The Argentine General Confederation of Labor threated the Legislature with a 24-hour general strike on Friday if they approve pension and tax reforms proposed by Mauricio Macri's right-wing Cambiemos Party.
The General Confederation articulates the most important economic sectors including construction, urban and cargo transport, food, health, and education. While the Confederation was debating the measures to be adopted against the reforms, an estimated 100,000 people from social movements and opposition union members marched in the downtown area. They oppose economic adjustment measures that will affect pensions and beneficiaries of the countries main welfare program, the Universal Assignment per Child Program.
According to protesters state repression was brutal and unexpected given the peaceful character of the protest. Juan Martín Carpenco of the Workers' Federation for a Popular Economy said: "we were marching together with opposition legislators when they scattered the mobilization with pepper spray, sticks and water. No one expected it." The Argentine newspaper Página 12 reported that two legislators were beaten by security forces and another activist had a dog released on him by the security forces. Leonardo Grosso, legislator of the Evita Movement denounced state violence saying "the response is beatings without concern over the consequences. Santiago Maldonado and Rafael Nahuel are victims of that policy."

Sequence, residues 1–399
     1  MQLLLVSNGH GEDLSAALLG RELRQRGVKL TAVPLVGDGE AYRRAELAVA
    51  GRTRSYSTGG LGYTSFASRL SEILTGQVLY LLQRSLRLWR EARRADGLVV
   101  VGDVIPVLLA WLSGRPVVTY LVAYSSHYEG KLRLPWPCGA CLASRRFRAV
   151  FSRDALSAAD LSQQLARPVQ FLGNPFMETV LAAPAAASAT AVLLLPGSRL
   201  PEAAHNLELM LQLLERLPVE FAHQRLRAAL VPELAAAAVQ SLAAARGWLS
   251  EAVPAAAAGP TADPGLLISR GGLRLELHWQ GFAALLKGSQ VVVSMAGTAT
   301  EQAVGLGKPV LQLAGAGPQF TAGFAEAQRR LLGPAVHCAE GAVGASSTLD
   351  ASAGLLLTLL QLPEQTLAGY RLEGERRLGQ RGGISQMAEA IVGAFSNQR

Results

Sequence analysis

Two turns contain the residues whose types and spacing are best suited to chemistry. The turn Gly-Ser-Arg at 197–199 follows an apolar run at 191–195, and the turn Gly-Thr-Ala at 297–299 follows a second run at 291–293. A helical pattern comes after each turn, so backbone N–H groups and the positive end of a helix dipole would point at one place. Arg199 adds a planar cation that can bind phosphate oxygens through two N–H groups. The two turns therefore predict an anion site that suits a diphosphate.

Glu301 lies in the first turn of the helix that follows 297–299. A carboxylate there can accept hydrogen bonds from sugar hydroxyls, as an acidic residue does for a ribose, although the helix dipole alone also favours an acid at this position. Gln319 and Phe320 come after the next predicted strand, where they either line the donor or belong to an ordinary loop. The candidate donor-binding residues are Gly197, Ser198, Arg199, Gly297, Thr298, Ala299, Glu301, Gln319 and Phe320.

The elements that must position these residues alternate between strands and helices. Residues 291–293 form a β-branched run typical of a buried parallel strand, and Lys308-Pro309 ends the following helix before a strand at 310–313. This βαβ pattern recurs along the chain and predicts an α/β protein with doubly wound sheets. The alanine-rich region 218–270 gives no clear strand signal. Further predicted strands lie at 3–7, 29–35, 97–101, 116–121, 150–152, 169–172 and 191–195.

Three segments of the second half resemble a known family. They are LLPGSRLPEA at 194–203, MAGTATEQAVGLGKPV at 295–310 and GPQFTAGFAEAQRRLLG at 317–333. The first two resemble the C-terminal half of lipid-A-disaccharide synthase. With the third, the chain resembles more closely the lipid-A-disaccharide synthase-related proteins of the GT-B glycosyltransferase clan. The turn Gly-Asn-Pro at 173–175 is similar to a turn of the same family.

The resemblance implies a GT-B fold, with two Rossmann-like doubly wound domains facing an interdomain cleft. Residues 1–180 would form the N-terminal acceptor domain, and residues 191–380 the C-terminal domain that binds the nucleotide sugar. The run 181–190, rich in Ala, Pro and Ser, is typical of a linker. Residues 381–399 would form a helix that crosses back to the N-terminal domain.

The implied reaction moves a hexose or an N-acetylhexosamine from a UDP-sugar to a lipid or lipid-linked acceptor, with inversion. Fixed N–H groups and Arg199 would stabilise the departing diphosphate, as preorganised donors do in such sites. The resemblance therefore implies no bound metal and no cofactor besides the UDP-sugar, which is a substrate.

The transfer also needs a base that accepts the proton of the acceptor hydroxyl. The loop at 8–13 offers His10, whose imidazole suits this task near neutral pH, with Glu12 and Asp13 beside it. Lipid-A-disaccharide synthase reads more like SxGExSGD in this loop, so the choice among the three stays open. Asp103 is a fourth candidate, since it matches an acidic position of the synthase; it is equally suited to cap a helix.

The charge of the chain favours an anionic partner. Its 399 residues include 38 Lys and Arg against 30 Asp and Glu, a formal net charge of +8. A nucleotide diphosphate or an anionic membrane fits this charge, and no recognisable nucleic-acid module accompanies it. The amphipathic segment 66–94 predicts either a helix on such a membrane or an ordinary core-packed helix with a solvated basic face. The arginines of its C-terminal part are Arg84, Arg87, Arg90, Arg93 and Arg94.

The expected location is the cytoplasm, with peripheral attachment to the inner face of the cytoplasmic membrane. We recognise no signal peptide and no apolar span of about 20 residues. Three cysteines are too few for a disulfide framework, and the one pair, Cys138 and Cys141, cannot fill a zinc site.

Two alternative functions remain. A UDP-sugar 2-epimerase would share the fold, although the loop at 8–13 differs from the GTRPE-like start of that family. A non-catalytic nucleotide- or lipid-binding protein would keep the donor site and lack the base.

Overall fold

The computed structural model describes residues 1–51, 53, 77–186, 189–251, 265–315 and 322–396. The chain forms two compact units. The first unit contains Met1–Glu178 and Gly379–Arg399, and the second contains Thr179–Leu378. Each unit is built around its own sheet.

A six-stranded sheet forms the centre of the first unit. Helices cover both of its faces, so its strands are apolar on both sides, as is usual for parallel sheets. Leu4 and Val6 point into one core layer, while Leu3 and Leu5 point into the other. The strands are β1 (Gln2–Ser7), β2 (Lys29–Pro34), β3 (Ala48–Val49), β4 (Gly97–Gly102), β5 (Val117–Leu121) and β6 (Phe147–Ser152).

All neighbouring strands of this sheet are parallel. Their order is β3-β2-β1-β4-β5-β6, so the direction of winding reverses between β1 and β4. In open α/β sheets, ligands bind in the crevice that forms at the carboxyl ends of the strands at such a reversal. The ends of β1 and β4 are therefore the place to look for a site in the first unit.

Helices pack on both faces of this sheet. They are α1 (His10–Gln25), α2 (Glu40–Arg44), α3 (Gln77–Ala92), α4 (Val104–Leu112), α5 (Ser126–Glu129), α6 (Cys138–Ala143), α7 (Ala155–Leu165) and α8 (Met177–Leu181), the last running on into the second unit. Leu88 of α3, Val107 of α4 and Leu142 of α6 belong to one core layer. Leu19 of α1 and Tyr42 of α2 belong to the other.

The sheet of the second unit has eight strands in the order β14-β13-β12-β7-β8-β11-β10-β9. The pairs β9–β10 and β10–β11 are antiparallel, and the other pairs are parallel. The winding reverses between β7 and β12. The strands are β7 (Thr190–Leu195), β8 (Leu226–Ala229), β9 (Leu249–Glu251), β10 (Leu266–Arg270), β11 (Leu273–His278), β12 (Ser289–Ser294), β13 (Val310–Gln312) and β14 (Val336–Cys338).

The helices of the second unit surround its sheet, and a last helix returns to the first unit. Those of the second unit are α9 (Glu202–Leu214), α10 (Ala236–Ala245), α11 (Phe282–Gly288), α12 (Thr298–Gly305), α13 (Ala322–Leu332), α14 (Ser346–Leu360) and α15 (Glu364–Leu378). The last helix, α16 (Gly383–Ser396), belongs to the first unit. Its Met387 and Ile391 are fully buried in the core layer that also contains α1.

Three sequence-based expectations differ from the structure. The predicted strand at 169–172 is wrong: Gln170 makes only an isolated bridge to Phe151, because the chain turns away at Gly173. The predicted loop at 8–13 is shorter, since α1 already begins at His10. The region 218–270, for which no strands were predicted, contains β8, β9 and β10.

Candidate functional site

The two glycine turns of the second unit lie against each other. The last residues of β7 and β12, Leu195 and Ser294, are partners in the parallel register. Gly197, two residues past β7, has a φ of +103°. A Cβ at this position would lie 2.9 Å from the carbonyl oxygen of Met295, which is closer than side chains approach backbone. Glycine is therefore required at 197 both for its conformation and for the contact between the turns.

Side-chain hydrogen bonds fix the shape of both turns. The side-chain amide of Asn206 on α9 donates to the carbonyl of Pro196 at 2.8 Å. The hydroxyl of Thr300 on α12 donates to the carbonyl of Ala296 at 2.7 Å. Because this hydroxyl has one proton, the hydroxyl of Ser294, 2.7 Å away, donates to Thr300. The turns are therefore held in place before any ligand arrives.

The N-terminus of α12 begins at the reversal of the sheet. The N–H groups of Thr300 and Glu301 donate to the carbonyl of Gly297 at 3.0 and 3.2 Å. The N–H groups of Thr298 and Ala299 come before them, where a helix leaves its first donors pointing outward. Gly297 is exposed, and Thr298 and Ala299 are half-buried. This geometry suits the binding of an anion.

Santiago Maldonado and Rafael Nahuel were activists linked to the Mapuche demand over land in the Patagonia region who were killed in confrontations with state military forces. The session in the Chamber of Deputies to debate the pension and tax reforms is scheduled for Thursday at 2:00 p.m. More mobilizations are being organised to in the coming days and hours attempting to reach Congress.